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by Alana Ferrari

Reclaimed wood makes for sustainable and stylish design

One of the countries best-kept secrets is out and emerging on the east coast as the hottest trend in contemporary design. Reclaimed wood, along with its natural elegance, is a resource that makes a chic statement of economic consciousness and historical character throughout The Batch Yard. Previously the old Charleston Chew candy factory in Everett, MA, The Batch Yard utilizes 26,000 board feet of reclaimed heart pine timbers from the original structure in the flooring, paneling and furniture of the new luxury apartment complex. Pieces of artwork throughout the building are also composed of reclaimed long leaf pine and echo The Batch Yard’s industrial past.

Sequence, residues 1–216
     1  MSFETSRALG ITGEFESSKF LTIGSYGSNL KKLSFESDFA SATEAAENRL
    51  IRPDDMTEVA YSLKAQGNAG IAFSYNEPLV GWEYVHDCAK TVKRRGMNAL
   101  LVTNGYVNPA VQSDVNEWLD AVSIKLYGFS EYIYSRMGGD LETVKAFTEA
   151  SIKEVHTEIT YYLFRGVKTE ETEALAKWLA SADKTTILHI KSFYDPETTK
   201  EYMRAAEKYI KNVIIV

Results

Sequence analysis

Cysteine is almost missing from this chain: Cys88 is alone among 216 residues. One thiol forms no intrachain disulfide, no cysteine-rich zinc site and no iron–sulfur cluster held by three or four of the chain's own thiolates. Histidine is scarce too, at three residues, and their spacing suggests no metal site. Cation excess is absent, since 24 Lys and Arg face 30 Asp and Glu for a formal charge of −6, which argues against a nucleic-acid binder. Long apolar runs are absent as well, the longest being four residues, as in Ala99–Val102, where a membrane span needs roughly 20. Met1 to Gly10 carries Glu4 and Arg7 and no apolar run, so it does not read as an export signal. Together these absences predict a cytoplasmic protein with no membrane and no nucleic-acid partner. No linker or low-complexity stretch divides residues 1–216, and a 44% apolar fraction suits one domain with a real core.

Wood once was the primary building material in the US because it was strong, inexpensive and absolutely everywhere. Now, due to exploitation of the resource, many of the original woods that built the foundation of our country are attainable only through reclamation. Reclaimed lumber is often sourced from decking and timbers rescued from old warehouses, mills, barns, and factories. During the 19th and 20th centuries chestnut, oak, hickory, pine and poplar timber was harvested to build those traditional structures. These trees, grown over hundreds of years without air pollution and human contact, provide the strength, stability and durability of today’s reclaimed wood. Barns are the typical source for the wood but mill buildings and factories throughout the east coast also provide ubiquitous reuse possibilities, much like the historic Charleston Chew factory and the wood proudly displayed at The Batch Yard. Reclaiming lumber from retired mills and factories puts the material to conventional use rather than disposing of it in landfills. During a time of resource scarcity, reclaimed wood provides a sustainable and stylish solution for interior design.

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